Monday, 20 August 2007

First Impressions

Just back from the Makerere equivalent of the Cambridge 'Freshers' Fayre'. A lot more lively here - dance floor in the middle, beer tents and traders from all over Kampala selling all sorts of student stuff till late at night.

Writing this from my room in the postgrad hall which has wireless in the room (result!) so should be able to communicate pretty effectively. The room is not too bad at all and has a new bed and mattress which is welcome. The hall is small compared to the undergrad ones and seems to be a lot quieter considering the big parties that have been going on around campus. There is a common room with the equivalent of sky though so have been able to watch the football (did anyone listen to me when I was telling them Rob Styles was a prat 5 years ago?!), although it is a struggle to get the 'Big Brother Africa' fans to change the channel...

Just beginning to meet people doing others Masters courses here. I will meet the people from my course for the first time tomorrow hopefully, also looking to make contact with the football team. Otherwise went to a Ugandan wedding on saturday night which was lavish although embarrassing when the MC announced I had brought wishes from the Queen and the cameraman zoomed in to catch my reaction. Having never met the bride or groom I can imagine they will be surprised when they play the video back to their grandchildren in years to come.

Thursday, 16 August 2007

Leaving home again...

Welcome to this imaginatively entitled blog 'Joe in Uganda'. Hopefully, to use a Hollowayism it will be just like Ronseal and keep everyone who's remotely interested updated on what I get up to from Friday onwards, when I move to Kampala to take a two year Masters course in International Relations and Diplomatic Studies. I will be studying at Makerere University, one of the oldest in Africa with an impressive alumni list including a number of current and past African Presidents, several prominant writers and other public figures such as John Sentamu, the first black Archbishop of the Church of England (in York). Apart from that I know relatively little about what I am about to throw myself into. There are apparently 25 other people on the course and a healthy number of international students, the vast majority being from other African countries. In terms of Europeans the wonders of Facebook have thrown up a few Norwegians that are going to be at Makerere over the coming semester. My overall feelings at the moment are a mixture of great excitement and a little apprehension, which I'm sure is natural at such a big move.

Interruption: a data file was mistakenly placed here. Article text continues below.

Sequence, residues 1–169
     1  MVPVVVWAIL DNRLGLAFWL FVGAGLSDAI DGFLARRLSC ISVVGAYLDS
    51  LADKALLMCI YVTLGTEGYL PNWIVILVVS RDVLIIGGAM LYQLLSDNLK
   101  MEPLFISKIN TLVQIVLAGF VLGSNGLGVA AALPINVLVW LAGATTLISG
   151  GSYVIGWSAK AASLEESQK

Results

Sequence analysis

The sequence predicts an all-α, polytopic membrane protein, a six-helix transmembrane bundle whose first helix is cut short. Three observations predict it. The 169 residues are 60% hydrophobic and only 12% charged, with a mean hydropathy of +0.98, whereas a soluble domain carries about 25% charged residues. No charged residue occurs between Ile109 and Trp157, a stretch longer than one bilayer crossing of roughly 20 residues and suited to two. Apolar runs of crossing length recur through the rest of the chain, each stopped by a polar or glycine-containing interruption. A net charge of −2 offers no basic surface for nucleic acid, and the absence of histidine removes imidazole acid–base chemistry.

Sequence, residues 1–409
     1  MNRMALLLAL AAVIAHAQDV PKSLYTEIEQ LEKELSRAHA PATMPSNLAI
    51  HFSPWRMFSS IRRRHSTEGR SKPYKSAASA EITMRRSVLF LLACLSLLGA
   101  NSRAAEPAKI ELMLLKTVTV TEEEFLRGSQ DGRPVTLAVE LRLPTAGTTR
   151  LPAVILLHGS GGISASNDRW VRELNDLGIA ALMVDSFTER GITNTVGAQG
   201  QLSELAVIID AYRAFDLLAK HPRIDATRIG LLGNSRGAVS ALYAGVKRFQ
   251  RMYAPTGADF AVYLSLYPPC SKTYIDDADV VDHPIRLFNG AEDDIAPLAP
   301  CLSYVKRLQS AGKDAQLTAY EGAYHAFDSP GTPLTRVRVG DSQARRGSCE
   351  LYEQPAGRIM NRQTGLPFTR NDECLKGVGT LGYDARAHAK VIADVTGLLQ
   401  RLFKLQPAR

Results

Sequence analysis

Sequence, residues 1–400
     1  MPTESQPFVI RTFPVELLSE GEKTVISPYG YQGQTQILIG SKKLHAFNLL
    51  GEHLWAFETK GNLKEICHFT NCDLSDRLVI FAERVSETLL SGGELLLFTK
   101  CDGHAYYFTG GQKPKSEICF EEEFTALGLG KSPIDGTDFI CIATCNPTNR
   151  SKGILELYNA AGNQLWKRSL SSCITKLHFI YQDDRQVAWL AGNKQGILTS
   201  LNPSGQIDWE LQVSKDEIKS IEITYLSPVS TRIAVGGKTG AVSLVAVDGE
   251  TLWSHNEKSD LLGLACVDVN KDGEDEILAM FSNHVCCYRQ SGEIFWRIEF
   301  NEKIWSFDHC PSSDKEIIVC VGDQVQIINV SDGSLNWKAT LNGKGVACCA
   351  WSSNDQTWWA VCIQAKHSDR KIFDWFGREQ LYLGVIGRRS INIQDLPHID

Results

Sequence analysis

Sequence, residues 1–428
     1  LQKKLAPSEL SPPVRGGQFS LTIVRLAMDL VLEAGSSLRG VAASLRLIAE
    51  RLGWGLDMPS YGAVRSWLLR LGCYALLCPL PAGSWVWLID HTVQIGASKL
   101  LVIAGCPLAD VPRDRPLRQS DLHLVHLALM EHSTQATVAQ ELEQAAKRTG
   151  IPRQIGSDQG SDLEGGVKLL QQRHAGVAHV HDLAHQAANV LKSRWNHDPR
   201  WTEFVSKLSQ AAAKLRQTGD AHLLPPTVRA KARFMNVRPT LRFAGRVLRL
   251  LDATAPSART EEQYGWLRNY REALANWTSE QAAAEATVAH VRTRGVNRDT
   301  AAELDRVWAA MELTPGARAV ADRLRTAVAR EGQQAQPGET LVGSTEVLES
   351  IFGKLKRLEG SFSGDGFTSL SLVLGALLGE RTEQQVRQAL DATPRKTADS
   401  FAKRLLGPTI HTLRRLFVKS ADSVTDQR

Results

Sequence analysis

I am also slightly worried that I as yet have no confirmed accommodation. I have been promised a room in Dag Hammerskjold postgrad hall but the warden hasn't got back to me yet. Anyway at $15o a term I am not expecting too much...Regardless though it will good to be on campus and I reckon that will be one of the best ways of getting to know my fellow students. There are over 30,000 undergrads which is a bit daunting, especially as that suggests the football team will be of a seriously high quality. My pre-season of golf and the Salusbury is probably not the best preparation either!

Anyway I hope you will drop by and let me know what you're up to as well. I think there is a comments section which people can use (which will of course be heavily moderated...) and I will post my Ugandan phone number up here when I get it sorted next week. Otherwise look forward to seeing everyone again for the Christmas holidays...